‘Mary Lavelle’, Kate O’Brien’s third novel, the story of a young Irish governess who lost her heart to the married son of her Spanish employer, was banned in Ireland. The banning order – under the Censorship of Publications Act of 1929 – was granted swiftly after publication and was not revoked until 1967.
This book is said to be the author’s response to that act of censorship.
It tells the story of Matt Costello, who fought in Civil War only to leave Ireland, disillusioned when a peace treaty was brokered. He travelled to America, he found success as a novelist and a playwright, and then he settled in London. He loved his life. He went home, to the family farm in Mellick, for the first time in years, telling himself that he was going because it was time, but knowing at heart that he was retreating because his actress lover, who he wanted to marry, had chosen to stay with her husband.
His relationship with his elder brother, Will, a veteran of the Great War, had stood the test of time and separation and was happily resumed; Will’s wife, Una, was pleased to see that, and Matt was struck by how capably she managed her home and her young children; those children where very impressed with the uncle they had only ever heard about, while he enjoyed his role and played it well.
Kate O’Brien wrote beautifully, and she made these characters, and others that she would introduce, live and breathe. I could hear their voices as they talked about all of the things that you would expect a family to talk about, and about their concerns for De Valera’s Ireland.
This is not a book with a great deal of plot; its interest comes from the Costello family, the people around them, and the time when they lived. I found much to appreciate, and I suspect that a reader closer to the history would find even more.
Matt was acutely aware of what wasn’t being said – or at least not said in his hearing. He knew that he was the subject of gossip, and that his lifestyle had been judged harshly and found wanting. And he was aware that even those who had congratulated him on his success knew little of his work, because his work was either censored or not accepted for publication in his home country.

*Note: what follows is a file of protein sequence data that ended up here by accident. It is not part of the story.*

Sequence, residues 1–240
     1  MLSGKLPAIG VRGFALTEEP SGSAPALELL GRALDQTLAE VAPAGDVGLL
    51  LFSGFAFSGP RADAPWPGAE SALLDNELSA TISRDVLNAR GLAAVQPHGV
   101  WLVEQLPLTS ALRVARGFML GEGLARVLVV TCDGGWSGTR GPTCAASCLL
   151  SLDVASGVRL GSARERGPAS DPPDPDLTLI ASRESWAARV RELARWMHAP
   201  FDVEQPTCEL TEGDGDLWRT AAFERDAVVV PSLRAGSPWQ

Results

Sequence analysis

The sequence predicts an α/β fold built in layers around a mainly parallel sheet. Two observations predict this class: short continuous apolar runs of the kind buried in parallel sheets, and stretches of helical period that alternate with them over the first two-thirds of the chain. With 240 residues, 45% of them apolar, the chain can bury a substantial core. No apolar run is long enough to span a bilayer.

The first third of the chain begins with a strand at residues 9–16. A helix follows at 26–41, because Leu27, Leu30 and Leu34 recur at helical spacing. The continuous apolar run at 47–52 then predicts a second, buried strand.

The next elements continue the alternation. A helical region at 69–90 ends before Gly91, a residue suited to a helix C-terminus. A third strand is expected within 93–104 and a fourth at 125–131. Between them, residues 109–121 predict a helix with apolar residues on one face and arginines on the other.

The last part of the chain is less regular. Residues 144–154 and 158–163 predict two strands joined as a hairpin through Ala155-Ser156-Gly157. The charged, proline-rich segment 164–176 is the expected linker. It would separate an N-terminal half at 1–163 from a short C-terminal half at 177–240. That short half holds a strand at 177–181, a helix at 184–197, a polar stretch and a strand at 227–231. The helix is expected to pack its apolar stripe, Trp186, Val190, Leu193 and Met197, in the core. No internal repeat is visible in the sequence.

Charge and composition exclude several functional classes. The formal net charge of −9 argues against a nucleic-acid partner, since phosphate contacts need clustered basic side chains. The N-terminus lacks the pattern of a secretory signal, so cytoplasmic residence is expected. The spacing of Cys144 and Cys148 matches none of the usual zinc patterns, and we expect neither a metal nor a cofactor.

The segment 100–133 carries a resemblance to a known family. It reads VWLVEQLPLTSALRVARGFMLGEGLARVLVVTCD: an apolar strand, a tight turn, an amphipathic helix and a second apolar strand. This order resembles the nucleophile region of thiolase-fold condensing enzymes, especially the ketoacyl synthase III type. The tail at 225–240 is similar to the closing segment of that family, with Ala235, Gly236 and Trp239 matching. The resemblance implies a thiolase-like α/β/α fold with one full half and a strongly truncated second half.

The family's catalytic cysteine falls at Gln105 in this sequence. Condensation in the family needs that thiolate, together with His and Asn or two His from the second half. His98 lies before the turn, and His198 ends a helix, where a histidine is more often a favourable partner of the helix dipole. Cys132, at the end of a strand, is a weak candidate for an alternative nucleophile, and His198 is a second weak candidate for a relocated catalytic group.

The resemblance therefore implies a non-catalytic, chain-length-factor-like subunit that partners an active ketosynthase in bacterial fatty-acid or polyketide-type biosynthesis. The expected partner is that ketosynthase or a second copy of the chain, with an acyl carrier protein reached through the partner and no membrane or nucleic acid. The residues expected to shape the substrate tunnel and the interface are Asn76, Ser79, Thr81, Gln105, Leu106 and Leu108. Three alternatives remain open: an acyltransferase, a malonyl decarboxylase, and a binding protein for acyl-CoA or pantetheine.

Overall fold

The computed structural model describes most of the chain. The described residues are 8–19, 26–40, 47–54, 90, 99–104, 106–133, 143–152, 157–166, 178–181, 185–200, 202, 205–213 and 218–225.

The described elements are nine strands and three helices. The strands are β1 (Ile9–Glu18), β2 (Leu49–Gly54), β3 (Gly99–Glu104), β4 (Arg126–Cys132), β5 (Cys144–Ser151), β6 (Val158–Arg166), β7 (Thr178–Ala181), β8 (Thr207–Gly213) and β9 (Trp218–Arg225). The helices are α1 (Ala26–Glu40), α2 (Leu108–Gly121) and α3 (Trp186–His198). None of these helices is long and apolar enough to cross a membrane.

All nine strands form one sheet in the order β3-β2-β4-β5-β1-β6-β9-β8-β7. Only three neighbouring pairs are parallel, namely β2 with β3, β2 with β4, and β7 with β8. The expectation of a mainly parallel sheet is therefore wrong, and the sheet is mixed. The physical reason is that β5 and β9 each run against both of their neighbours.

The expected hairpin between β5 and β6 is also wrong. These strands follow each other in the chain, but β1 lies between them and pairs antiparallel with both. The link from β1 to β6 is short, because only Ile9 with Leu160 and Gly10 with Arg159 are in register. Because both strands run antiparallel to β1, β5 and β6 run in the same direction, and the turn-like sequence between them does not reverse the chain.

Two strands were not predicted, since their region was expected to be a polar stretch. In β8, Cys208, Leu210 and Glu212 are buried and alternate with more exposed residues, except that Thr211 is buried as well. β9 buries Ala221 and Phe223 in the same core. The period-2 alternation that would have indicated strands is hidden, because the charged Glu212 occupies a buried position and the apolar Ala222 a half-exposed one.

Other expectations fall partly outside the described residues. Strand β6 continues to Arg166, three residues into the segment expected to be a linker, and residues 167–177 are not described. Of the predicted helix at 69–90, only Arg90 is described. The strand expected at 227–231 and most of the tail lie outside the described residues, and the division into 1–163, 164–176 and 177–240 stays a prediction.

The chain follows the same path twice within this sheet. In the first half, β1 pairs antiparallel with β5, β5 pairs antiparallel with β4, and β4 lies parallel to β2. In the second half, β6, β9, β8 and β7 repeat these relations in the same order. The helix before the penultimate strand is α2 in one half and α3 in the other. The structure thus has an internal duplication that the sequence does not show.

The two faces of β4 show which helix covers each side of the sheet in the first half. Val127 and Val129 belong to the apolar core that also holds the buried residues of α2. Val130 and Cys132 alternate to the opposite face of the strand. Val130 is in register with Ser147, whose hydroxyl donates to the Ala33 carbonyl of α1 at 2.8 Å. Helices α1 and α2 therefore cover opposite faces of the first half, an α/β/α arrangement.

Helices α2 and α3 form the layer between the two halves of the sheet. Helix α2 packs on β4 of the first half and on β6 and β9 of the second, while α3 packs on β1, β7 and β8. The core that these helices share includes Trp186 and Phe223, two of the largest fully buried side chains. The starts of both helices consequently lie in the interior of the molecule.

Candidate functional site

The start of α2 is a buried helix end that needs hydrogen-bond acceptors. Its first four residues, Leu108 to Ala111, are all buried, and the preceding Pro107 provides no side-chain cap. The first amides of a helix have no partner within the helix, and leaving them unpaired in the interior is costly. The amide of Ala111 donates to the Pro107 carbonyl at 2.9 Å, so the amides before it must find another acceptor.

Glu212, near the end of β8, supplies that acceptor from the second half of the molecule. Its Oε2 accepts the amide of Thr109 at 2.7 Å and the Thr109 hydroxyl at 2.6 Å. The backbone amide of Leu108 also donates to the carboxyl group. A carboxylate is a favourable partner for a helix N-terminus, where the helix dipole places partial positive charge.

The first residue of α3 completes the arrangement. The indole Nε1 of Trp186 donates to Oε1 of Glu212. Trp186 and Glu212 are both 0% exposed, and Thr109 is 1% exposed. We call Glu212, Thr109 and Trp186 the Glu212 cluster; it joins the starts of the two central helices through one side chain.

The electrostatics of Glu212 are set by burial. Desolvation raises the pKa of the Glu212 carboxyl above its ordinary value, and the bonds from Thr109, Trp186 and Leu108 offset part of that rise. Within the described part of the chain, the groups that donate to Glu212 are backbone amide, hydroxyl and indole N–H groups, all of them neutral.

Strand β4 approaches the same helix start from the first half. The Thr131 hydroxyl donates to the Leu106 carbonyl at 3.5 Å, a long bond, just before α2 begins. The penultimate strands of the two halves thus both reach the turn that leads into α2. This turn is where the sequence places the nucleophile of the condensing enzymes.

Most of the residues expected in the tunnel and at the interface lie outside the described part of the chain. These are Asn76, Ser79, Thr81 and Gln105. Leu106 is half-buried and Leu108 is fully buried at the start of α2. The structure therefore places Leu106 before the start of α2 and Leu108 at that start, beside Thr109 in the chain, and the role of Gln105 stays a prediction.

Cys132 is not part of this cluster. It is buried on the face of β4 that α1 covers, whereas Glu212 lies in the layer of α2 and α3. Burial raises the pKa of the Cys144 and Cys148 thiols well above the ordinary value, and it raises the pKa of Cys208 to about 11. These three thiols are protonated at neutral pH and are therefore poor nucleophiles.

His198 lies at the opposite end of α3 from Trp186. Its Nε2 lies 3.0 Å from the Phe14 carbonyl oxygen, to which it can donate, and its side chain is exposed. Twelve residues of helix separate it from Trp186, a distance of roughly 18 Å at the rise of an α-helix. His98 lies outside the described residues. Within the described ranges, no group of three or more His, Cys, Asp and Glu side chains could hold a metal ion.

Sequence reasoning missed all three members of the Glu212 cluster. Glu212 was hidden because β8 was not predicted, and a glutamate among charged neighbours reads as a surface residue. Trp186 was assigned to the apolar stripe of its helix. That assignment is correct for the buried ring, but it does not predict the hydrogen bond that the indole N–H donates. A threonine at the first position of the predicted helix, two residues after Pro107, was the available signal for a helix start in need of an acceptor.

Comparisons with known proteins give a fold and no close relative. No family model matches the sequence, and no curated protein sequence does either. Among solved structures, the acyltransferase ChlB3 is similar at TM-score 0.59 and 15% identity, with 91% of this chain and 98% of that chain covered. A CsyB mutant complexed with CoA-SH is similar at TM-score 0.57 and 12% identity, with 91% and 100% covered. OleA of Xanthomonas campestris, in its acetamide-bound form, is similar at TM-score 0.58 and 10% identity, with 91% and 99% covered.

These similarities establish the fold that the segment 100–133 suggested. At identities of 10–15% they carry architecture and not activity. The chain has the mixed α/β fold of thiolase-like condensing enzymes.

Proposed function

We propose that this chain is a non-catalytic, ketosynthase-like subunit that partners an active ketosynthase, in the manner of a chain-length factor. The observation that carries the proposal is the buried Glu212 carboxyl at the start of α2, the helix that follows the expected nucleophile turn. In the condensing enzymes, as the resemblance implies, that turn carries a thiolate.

That disappointed him; but he was aware that his family and their neighbours were happy and secure in their faith and their way of life, and he felt the lack of anything like that in his own life.
He was drawn to Una’s sister, Nell. She was bright, she was well educated, and she had travelled . But she had chosen to come home, to accept the values she had been raised with and the teaching of her faith, and to become a school teacher. And yet she had turned down the proposal of a young man who all her friends and family had tought she would marry.
Nell was a fascinating character, and I could happily have read a book that told her story.
Knowing that he had to make a decision about his future, and tempted by the comfort andcharm of family life, and by the beauty of his native land, Matt proposed to her. Her response, and the dialogue and the events that followed, we every bit as wonderful as I could hope.
This is a short novel and, aside from that final drama, a quiet story, but it speaks clearly and articulately of the conflict between art and faith, about the need to make and accept choices, without ever losing sight of the very human story that is being told.
I can’t say that it is Kate O’Brien’s best work, but she was such a good writer, and I am sorry that this book seems to have been out of print for quite some time.
I hadn’t heard of it when I spotted it in a Devon bookshop last summer, but I picked it up on the strength of the author’s name.
I’m very glad that I did, and that The 1938 Club inspired me to pick it up and read.